Thankfully, I’ve gotten much better at abstaining from the attach and discard cycle. I spend a lot of time considering what I actually want and why I want it. I make sure that the things I pursue or allow into my life will provide value and pleasure, not just a boost to my ego. I ask myself, “Will this be a good fit with my values and goals, or am I looking for it to fulfill an internal need?” If it is the latter, I work on fulfilling the need from within rather than enlisting someone else to do it. I also make sure that I’m able to care for and nurture the people and things I let into my life. I want to make sure I’m good for others as well. I’ve become discerning.

However, sometimes I still get hooked. Lately, I’ve been wondering — or, more accurately, ruminating — over when my boyfriend and I will move in together. I sometimes equate this milestone with his love for me. I get fixated on the idea that if he loved me, he would rush to live with me (and my two kids, dog, and eight chickens). Then I remember to loosen my grip on my fixed ideas.

When we get fixated on the object of our desire, we get tunnel vision. Everything in our periphery gets excluded. The desire to live with my boyfriend sometimes causes me to forget all of the terrific things about our relationship. I also forget the fantastic things about my current home. Attachment causes us to focus on what we believe we are lacking, rather than being grateful for what we already have. This results in us going through life with a feeling of scarcity, rather than abundance, even though we likely have everything we truly need.

These days I’m focused on turning my home into a delightful and fun place to live. I’ve decorated my office. I’m clearing out clutter. I have plants galore. My kids and I are already planning our spring garden and are considering getting some goats. I believe my boyfriend and I will live together at some point. Though I desire that, I’m no longer attached to the idea. I can enjoy and find peace in the present.

Sometimes people confuse non-attachment for apathy. That couldn’t be further from the truth. In fact, it’s the opposite. Non-attachment gives us the ability to enjoy things for what they are, rather than the stories we create around them. Non-attachment is equanimity. We can like something and desire it, but we have the wisdom to know that it doesn’t define us. We understand that we won’t die or disappear if we don’t get it. Non-attachment gives us the ability to open our hands and walk away from the trap in favor of our freedom.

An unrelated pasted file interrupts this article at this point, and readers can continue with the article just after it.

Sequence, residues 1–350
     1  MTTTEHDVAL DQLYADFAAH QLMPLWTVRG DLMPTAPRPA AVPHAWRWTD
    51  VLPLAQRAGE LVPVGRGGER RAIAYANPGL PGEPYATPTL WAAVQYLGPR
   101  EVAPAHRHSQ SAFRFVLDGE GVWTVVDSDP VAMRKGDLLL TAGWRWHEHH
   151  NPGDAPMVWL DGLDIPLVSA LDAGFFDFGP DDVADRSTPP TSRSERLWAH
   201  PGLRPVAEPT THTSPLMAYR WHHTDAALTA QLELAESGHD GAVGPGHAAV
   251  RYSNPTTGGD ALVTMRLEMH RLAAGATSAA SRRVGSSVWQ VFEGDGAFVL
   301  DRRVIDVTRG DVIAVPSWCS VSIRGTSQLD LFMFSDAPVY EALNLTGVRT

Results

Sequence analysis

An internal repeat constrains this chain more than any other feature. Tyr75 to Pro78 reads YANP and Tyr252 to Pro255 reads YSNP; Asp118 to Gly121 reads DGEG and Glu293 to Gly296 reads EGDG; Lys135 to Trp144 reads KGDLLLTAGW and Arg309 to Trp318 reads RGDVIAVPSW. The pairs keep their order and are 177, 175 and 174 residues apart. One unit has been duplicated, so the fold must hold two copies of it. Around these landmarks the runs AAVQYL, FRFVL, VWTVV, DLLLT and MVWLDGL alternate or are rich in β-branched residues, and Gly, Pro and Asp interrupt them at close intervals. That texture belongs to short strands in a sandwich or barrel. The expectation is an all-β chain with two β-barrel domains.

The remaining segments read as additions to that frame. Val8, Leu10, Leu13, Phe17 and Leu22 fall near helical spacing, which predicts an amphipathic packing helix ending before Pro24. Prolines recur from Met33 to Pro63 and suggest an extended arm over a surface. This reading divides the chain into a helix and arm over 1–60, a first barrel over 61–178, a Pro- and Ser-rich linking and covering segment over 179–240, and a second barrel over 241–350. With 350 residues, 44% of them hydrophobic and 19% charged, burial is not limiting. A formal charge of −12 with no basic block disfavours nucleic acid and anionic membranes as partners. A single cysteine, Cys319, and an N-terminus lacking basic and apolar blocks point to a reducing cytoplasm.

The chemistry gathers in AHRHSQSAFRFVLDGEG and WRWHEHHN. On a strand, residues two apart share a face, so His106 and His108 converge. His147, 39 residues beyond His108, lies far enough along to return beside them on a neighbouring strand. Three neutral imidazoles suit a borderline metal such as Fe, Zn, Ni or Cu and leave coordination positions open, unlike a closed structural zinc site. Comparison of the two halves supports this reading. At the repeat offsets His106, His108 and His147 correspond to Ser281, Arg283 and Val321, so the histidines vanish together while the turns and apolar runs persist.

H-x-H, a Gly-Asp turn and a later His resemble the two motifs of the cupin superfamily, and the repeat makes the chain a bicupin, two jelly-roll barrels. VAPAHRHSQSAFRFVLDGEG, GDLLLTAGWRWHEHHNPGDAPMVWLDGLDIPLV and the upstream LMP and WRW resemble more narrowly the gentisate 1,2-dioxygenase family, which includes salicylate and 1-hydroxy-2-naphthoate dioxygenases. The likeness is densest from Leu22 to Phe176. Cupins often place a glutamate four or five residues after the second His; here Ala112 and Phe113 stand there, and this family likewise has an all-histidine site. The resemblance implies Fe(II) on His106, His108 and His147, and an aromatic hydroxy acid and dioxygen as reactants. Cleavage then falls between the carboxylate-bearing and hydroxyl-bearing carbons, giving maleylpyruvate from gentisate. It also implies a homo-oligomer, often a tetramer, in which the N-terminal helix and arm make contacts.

This is not to say we shouldn’t take enjoyment from our relationships, physical pleasures, or other awesome things. We should! We should revel in all the worldly joys available to us, and fervently! However, let’s hold them lightly with an open hand. Sometimes, when I feel stuck, I literally open my palms wide to remind myself to stop grasping. When we keep our hands open, we allow the things that are meant to be in our life the ability to enter, and the things that are not intended to be in our life the freedom to leave.

Everyone and everything changes — most of all, ourselves. What we enjoyed today might not be here tomorrow. And that’s okay. Without the binds of attachment, we won’t be trapped. We will find other things to enjoy.

Now when I hear friends or family lament about the things they desire, whether it’s the cute guy at the gym, a fancy new car, or a wrinkle-free face, I want to scream, “You’re going the wrong way!” Happiness is found when we’re living authentically and in alignment with our soul’s purpose. I know that’s not always easier to figure out. That’s why our time would be better spent on self-discovery, rather than accumulating adornments to decorate our ego.


OnOnour journey toward self-actualization, the most important thing we can do is to get curious about what makes us tick. We can spend time contemplating our desires, our motivations, and our behaviors. Here are some journaling questions to help you begin to understand why you want the things you want, and how you can go about fulfilling your own needs.

1. Describe something to which you feel attached.

2. Imagine not having it. What would your life be like? In what ways might you be worse off? In what ways might things actually be better?

3. Often, we want things not because of their physical manifestation but because of the way we think having those things will make us feel. For example, we may want a significant other to feel loved, or a fancy house to feel successful. Spend some time thinking about why you want what you want. What are the feelings you believe getting what you desire would invoke? What if you didn’t get it?

4. What are other ways you can cultivate the feeling of getting what you want? Try to consider ways you can fulfill your own needs, so you are not dependent on other people or outside factors.

Once you understand that your motivation for acquiring a particular thing is to get an internal need met, you can begin to figure out how to fulfill that need yourself. This is a much more rewarding and sustainable practice since external factors can’t fill your needs anyway. Rather than fixating on the one thing that has you stuck, savor all the pleasurable experiences available to you. When we approach life feeling whole, we have the clarity to notice more opportunities come our way. If that doesn’t bring peace of mind, remember Oscar Wilde’s words: “There are only two tragedies in life. One is not getting what one wants, and the other is getting it.”